Monday, May 29, 2006

Tut for tat, or it's hard out here for a pharoah

The return of King Tut to the Field Museum feels more like a side project than a blockbuster. Contrary to billing, "Tutankhamun and the Golden Age of the Pharaohs" includes many artifacts predating Tut's reign, and the Sun-Times reference to the conspicuous absence of Tutankanen's sarcophagus is literal; a recreated death chamber has at its center an empty riser.

But while smaller than the Field's 1977 "Treasures of Tutankhamun" show, one of the many opening previews of the current show required more than the alloted hour. It will need much more time to view once crowds grow larger and more teathered to audio tours, which tend to turn viewers into obstructions.

Exhibition designer AEG frames the exhibit as an overview of the pharoahs's time, making efficient use of the assortment of Valley of the Kings artifacts. While the Field's standing exhibit presents hieroglyphics largely as propaganda vehicles, the Tut display suggests more of their spiritual symbolism. Tut's warrior reign is noted in multiple artifacts depicting enslaved Nubians (bend over — one figure for a walking stick is stretched too far for comfort).

The work of creating these objects is left unexplained. Tomb dressing for pharoahs at war was surely a growth business, though, involving hundreds of craftsmen and years of work. One item buried with Tut is labeled for interment for a short-lived predecessor. But the focus is squarely on the pharoahs, not their legion of servants.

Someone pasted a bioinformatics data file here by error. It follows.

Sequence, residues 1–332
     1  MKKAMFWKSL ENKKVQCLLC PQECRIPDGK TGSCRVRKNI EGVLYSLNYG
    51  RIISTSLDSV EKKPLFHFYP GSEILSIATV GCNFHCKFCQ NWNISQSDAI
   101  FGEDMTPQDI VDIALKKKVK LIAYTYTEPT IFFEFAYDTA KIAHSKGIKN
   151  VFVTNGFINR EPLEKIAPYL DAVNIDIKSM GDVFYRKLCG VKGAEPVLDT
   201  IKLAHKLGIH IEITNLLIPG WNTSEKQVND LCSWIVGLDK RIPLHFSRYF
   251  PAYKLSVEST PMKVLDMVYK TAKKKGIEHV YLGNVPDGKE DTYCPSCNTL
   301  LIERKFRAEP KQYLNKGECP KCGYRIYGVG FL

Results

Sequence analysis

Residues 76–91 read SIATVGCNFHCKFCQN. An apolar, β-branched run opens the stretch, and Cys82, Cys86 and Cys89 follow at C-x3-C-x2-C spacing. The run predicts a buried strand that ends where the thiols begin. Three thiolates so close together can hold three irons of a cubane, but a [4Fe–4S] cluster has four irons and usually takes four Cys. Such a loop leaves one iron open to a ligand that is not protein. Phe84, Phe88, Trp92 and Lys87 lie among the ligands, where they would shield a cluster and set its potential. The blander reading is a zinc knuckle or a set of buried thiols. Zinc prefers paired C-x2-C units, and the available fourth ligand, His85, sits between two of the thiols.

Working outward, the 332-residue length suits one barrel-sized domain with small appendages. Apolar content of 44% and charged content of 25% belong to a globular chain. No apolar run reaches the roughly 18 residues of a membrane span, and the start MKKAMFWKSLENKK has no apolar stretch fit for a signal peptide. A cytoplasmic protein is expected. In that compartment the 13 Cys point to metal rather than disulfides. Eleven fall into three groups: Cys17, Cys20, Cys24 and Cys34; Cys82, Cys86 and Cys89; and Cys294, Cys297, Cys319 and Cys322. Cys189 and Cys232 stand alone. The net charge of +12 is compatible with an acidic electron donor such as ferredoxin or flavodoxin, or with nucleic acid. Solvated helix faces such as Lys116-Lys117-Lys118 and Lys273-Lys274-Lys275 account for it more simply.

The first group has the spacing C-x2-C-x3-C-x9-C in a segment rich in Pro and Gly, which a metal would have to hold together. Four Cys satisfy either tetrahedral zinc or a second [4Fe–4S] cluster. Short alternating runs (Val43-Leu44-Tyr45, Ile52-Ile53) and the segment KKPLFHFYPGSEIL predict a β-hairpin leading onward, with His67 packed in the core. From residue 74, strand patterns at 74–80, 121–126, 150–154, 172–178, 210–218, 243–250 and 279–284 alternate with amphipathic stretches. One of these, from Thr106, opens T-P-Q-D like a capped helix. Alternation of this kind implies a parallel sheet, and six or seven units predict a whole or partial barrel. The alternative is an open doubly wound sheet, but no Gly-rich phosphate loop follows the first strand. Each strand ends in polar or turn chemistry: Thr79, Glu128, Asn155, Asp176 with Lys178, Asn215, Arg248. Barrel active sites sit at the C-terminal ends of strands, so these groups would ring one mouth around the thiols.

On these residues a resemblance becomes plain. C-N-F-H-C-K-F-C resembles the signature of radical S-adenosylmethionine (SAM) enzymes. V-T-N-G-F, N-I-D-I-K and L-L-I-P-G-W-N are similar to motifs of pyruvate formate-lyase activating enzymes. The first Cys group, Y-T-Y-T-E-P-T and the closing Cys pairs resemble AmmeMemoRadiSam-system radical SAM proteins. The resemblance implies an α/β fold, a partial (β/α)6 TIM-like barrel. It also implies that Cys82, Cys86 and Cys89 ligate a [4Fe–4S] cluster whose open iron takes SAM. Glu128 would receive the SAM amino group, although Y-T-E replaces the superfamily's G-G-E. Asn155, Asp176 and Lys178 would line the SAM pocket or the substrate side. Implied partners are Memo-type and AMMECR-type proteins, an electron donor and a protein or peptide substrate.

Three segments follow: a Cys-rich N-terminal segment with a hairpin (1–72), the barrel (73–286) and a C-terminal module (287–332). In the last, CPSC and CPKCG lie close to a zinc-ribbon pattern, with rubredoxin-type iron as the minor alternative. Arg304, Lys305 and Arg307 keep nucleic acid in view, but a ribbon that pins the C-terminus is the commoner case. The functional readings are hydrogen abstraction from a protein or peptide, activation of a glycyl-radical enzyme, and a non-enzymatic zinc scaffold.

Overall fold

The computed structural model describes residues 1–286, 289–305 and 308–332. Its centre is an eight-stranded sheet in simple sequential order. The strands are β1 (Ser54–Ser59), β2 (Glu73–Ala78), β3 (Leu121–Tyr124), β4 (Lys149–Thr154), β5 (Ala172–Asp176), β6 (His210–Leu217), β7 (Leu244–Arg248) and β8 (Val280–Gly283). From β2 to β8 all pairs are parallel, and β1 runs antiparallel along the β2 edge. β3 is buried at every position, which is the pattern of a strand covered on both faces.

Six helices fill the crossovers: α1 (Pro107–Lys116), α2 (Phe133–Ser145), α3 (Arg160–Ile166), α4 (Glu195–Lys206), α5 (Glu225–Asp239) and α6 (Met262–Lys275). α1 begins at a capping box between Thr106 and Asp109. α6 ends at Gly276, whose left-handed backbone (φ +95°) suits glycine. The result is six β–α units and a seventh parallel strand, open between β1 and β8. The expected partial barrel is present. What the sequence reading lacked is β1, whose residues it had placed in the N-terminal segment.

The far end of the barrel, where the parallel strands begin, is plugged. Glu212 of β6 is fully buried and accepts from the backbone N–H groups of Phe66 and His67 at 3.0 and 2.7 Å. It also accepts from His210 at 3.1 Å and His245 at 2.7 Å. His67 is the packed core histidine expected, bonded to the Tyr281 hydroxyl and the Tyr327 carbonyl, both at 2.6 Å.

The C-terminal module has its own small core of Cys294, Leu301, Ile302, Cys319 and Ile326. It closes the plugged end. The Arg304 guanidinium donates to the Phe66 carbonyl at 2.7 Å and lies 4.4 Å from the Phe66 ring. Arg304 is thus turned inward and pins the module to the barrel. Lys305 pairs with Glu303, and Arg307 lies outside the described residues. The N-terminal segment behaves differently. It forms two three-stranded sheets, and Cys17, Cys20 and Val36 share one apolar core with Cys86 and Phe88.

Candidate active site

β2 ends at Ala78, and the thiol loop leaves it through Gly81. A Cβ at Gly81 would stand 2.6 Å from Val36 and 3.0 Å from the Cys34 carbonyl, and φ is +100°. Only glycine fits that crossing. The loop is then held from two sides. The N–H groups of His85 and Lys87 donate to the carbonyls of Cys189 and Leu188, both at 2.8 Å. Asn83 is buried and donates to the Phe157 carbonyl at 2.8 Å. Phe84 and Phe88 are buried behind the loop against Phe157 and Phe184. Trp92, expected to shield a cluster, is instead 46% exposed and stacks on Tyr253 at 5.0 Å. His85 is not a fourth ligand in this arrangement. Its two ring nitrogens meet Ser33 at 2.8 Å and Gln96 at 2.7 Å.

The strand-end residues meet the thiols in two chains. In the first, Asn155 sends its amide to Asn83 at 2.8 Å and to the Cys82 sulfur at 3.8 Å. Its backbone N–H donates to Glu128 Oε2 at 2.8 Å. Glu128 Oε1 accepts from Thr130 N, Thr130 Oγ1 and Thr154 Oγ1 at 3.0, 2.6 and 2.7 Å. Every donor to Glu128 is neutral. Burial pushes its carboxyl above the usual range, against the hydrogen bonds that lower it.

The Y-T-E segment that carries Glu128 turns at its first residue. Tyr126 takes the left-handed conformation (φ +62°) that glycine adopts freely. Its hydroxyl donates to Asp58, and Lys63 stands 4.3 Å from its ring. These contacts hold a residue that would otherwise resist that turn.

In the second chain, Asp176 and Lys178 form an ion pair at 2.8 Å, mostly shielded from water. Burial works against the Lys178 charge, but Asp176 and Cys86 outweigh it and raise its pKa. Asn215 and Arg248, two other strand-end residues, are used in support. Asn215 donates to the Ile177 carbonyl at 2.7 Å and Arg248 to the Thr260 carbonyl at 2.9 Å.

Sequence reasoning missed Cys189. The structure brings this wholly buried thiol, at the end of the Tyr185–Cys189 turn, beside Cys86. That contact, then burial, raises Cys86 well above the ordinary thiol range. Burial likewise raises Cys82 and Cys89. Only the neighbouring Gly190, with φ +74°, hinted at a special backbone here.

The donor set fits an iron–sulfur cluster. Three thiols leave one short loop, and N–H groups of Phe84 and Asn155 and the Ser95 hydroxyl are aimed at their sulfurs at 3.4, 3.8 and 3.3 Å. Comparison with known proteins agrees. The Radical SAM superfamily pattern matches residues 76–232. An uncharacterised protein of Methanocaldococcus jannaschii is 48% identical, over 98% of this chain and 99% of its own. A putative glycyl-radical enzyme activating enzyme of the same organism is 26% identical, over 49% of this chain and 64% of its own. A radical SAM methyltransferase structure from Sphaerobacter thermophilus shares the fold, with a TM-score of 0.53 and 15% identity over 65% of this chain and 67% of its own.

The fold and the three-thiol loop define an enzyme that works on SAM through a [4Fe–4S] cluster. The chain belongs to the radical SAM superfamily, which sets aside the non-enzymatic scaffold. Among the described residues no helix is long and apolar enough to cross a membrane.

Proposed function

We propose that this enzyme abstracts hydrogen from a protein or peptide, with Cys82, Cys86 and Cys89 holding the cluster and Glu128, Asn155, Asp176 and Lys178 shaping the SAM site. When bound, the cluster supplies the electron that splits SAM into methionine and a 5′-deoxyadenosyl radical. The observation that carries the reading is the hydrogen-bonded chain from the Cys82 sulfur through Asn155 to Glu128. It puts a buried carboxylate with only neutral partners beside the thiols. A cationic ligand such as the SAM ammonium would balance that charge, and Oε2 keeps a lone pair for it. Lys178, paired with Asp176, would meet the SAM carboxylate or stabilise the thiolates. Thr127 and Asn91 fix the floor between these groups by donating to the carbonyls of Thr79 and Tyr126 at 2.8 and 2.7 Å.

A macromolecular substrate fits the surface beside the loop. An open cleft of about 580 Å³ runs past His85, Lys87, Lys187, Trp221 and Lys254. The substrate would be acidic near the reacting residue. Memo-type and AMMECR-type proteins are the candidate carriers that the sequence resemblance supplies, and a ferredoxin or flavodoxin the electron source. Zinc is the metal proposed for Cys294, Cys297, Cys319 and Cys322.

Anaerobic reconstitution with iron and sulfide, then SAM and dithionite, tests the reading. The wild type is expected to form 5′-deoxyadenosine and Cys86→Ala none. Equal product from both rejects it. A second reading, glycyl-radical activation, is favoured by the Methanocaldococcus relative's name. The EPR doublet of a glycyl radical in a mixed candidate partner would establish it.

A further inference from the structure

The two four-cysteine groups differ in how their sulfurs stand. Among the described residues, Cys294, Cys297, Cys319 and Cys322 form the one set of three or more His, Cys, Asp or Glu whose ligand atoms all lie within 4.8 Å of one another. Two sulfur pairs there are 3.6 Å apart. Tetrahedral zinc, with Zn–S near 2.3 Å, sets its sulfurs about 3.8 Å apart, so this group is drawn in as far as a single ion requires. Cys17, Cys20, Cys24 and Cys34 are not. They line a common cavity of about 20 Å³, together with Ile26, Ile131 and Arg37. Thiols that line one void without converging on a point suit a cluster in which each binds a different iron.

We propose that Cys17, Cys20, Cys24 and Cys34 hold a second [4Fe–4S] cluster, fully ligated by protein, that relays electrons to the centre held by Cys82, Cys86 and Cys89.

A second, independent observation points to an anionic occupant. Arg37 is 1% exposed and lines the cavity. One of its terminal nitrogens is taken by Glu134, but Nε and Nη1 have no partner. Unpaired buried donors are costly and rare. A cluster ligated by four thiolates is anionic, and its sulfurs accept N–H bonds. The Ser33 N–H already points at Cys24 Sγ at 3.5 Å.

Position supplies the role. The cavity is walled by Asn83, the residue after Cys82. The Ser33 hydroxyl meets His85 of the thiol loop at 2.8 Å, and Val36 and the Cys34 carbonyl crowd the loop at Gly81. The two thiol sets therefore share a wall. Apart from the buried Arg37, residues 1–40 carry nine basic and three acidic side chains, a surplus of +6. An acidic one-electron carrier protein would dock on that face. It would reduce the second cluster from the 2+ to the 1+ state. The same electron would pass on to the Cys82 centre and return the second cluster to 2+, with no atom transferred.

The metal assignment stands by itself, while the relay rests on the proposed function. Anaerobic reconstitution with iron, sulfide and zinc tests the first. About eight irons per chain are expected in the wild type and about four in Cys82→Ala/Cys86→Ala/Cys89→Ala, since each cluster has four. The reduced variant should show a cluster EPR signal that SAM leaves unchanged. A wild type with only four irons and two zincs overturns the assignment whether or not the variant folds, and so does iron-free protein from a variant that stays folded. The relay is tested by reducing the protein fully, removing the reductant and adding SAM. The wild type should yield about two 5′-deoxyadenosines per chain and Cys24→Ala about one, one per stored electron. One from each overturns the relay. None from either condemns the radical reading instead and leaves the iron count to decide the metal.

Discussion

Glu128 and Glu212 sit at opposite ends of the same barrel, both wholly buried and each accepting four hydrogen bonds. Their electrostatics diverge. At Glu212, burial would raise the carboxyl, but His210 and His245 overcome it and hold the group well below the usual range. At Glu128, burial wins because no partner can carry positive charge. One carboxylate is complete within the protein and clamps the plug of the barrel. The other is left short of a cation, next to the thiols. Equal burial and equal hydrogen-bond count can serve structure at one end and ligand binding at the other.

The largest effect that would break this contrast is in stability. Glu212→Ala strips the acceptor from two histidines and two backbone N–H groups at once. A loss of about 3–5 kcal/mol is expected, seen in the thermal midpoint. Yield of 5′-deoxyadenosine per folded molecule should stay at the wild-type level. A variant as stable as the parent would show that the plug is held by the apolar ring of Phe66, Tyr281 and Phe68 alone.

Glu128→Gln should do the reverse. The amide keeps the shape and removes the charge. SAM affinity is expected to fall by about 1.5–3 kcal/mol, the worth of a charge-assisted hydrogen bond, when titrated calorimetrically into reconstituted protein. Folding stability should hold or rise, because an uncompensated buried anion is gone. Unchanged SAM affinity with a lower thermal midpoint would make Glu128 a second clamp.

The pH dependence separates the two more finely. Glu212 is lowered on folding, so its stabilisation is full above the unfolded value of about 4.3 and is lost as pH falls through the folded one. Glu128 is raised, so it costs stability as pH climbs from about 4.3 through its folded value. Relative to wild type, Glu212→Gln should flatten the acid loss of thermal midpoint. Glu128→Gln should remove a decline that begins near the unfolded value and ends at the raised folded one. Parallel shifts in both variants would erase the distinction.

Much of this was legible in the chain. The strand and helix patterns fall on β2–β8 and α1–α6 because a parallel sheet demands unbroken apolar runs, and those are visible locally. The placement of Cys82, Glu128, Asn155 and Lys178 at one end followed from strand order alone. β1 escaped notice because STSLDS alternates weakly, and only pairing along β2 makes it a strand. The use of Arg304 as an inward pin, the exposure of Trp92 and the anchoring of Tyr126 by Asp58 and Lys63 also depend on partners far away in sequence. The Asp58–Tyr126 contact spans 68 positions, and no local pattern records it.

The cult of personality is sign of our gilded age, the Tribune's art critic suggests in arguing for more discussion of artistic merit. Instead, opening-week publicity centered on a dustup over a sarcophagus in the private collection of a museum sponsor. The Egyptian aniquities chief demanded its return to a museum, even absent signs that the coffin was a museum-quality artifact. The piece was pledged to the museum in time for Tut's opening, yet another triumph for hype.

Monday, May 22, 2006

Judgment Day, the original soundtrack

It's likely coincidental, but still an interesting juxtaposition. This morning NPR reports on both a Verdi Requiem memorial performance at the Terezin concentration camp and the recording of "The Da Vinci Code" soundtrack.

The wrathful Latin text of Verdi's "Dies Irae" was a protest song fraught with meaning for the prisoners who performed it during World War II. The movie's soundtrack is ethereal-sounding Latinate nonsense.

If that's a joke on pop culture, it bears added irony from the fact that the Verdi these days is most often associated with commercials and sword-and-sorcery games.

Friday, May 05, 2006

La tierra de los libres y la patria de los valientes

At Cinco de Mayo night for the Chicago White Sox, the National Anthem was sung in English. Another battle not re-enacted.

However, a mariachi band performed pregame at U.S. Cellular Field, and the public address system played the Macarena, many Spanish-language pop songs, "Margaritaville" and "Low Rider." Fireworks ended the night. A very American holiday.